Had a useful English/ Portuguese lesson with the officer in charge then the new escort x2 turned up. So we now had the equivalent of a small army all with AK47s or Uzi machine pistols and off we set at very high speed. Roads terrible going down a hill, as it was getting dark when the brakes failed completely – managed to stop ,found out brake pipe bracket was loose and pipe had sheared off. Hammered pipe flat to stop leak/ keep up pressure and off again into the gloom. Not long after, going up a steep hill we were horrified to see a red lorry speeding towards us on a road that was not wide enough for the two of us.

Emma -Its not going to stop !!!

Mike -No its bloody not !

Coming down hill we could only sit and wait as we had nowhere to go on our side – it increased speed as it came down and at at last minute he just veered off through the bush thankfully missing us. He had turned his engine off and was free-wheeling ( common here to save fuel) clearly without brakes. Hearts pounding we decided not to go to the enquiry some distance away in the bush ,so started off after our armed escort.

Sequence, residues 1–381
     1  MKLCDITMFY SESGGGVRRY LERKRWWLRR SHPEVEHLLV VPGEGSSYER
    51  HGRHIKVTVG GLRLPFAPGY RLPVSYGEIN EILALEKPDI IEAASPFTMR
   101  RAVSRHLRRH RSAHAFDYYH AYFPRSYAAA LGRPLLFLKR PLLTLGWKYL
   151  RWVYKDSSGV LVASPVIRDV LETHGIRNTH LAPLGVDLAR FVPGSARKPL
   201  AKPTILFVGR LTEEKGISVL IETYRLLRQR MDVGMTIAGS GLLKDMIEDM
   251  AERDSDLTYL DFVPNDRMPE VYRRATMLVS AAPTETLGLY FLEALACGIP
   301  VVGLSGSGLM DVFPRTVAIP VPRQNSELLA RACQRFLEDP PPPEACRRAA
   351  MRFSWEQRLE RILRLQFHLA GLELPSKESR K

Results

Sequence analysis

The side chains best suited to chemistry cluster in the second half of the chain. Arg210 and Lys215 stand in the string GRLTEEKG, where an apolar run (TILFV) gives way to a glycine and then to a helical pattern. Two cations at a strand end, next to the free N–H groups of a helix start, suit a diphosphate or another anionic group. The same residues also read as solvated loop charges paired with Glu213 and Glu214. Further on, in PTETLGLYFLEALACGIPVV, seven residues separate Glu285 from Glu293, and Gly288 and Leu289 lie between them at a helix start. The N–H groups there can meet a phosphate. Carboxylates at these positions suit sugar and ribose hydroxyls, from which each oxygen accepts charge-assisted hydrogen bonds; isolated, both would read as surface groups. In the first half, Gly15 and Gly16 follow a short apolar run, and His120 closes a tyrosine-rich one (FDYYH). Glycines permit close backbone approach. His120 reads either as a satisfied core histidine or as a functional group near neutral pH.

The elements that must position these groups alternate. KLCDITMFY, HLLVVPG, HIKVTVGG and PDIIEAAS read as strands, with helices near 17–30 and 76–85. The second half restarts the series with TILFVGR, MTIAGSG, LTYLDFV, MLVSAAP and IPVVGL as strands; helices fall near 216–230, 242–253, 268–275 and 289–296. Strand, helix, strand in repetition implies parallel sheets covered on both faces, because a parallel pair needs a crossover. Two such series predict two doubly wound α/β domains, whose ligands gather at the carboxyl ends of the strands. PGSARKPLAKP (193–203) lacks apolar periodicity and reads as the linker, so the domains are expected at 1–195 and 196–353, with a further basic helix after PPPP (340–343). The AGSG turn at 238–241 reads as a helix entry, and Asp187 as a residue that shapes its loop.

Last few miles were completed in the dark when we arrived at the police station we said we would stay there for the night as they still would not let us go alone.

Emma got lucky as one of the young guys fancied her – his chat up technique of jabbing her hard in the arm was not successful though.

 

 

Angola rally Day 2

Got up in the dark as the army assembled and off we went on a good tarred road – what joy, they finally left us in N’zeto but we had had an armed escort for about 300k by this point.